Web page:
Torn apart by hurricane winds and typhoon surf, the docks at Turtle Bay are in disrepair. Yet, one person’s trash is another animal’s salvation! The docks at Turtle Bay are now overrun by turtles of shapes and sizes!
East African black mud turtles, red-eared sliders, and the alien-looking Australian snake-necked turtle are just a few species that you can see sunning themselves on the shattered docks at Turtle Bay. These ancient reptiles now call these waters home!
Long Island Aquarium’s Turtle Bay residents are as hungry as they are friendly. For a small fee, you can purchase some turtle food to feed all of our turtles.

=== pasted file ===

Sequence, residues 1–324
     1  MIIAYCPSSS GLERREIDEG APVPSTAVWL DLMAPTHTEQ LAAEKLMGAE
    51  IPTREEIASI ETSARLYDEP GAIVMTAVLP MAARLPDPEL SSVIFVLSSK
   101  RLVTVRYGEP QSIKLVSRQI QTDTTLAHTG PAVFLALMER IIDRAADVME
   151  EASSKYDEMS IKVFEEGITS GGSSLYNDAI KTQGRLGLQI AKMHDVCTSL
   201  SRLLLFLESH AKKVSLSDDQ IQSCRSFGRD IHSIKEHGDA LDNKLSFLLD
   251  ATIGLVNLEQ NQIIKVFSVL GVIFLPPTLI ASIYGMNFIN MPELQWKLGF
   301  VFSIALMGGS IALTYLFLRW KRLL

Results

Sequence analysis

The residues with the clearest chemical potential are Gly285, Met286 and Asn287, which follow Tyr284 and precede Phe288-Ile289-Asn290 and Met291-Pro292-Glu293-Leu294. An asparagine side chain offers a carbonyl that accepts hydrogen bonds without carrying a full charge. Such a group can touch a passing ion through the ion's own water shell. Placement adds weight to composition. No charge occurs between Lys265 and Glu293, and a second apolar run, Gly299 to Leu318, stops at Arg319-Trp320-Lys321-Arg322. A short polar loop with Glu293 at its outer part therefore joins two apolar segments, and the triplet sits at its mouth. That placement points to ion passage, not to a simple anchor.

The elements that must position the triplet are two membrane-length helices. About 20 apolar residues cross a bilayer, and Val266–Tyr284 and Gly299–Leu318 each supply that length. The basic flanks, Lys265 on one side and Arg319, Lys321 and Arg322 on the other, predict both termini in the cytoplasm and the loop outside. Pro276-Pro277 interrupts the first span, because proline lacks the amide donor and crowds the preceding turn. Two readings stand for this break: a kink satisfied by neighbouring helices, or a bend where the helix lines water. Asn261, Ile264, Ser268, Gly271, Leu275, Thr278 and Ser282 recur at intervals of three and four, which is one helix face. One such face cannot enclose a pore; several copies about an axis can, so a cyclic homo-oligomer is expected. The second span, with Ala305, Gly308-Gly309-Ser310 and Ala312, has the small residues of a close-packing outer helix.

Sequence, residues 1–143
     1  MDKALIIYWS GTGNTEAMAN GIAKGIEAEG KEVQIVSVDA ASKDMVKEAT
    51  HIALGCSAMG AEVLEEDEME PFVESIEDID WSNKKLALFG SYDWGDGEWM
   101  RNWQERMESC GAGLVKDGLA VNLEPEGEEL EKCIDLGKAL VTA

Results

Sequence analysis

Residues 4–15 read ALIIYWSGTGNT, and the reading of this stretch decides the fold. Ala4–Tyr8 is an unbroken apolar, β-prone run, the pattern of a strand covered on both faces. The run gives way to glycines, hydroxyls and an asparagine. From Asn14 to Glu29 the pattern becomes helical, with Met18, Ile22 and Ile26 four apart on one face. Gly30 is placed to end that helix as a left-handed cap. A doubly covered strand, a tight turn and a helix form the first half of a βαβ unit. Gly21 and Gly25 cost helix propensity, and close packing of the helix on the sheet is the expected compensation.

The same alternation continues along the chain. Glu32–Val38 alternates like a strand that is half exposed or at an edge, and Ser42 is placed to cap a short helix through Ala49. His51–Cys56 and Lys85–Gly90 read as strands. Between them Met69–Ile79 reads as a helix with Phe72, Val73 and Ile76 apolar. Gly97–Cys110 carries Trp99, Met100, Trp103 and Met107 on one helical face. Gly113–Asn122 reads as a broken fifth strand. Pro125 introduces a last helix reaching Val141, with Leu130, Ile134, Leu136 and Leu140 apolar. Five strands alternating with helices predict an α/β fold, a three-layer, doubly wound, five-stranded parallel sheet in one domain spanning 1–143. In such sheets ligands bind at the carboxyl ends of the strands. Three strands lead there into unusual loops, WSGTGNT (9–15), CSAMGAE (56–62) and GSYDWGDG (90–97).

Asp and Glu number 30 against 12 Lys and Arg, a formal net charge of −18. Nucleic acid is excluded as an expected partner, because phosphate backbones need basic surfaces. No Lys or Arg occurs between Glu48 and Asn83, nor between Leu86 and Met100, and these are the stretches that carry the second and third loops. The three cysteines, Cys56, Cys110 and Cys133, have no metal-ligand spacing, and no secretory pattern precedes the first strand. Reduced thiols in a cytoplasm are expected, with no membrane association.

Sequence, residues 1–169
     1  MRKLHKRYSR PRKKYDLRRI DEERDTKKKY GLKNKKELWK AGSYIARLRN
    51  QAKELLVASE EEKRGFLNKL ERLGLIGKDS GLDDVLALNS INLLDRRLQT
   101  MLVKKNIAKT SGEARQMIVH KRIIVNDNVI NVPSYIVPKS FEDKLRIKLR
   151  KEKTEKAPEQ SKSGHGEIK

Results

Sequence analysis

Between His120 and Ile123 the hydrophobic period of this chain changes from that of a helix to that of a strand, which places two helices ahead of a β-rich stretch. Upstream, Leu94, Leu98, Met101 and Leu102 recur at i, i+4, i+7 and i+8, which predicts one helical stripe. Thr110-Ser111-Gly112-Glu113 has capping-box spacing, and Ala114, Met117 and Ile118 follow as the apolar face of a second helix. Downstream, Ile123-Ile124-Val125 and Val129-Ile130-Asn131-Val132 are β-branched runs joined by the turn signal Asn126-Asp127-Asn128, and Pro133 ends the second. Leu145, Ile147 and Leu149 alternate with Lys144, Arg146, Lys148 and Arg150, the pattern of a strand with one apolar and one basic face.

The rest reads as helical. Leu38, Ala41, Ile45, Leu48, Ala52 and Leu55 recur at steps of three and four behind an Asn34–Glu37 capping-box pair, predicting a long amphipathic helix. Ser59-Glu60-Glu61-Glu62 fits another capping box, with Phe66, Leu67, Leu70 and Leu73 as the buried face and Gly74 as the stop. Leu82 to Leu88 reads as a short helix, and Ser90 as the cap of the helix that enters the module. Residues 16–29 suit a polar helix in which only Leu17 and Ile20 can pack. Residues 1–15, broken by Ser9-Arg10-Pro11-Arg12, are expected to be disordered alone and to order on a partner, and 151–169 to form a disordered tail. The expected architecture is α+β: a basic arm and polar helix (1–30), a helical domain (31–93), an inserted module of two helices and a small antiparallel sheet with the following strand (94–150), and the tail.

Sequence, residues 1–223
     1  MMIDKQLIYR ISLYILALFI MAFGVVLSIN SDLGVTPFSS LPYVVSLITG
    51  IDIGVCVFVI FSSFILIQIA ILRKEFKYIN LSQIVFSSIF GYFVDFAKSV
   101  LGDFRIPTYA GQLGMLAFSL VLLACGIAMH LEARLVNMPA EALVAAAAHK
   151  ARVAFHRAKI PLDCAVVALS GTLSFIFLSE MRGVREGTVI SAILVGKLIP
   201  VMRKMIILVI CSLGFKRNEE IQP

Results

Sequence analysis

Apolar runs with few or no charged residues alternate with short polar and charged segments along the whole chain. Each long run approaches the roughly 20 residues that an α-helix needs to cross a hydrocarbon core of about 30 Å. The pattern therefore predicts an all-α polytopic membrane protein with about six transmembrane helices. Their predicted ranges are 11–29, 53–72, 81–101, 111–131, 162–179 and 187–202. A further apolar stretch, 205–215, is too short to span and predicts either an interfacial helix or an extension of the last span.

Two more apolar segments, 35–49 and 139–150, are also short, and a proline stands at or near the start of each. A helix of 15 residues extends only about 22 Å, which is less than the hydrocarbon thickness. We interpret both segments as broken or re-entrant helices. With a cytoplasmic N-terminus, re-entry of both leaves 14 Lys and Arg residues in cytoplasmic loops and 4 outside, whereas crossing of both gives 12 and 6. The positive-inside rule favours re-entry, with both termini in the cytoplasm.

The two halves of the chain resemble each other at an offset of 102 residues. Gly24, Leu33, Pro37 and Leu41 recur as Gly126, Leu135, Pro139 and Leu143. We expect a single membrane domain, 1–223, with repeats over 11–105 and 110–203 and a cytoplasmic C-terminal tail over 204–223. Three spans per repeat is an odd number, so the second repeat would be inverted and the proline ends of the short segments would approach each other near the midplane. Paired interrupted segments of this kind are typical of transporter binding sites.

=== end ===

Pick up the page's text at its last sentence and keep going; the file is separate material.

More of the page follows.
Turtle Shells are actually part of a turtle’s bony skeleton. It is derived from ribs, pelvic bones and other parts of the turtle skeleton and is used as a defensive shield to protect the animal from harm!
Though turtles spend a lot of time in the water, turtles need air to breathe, and they do not lay their eggs underwater.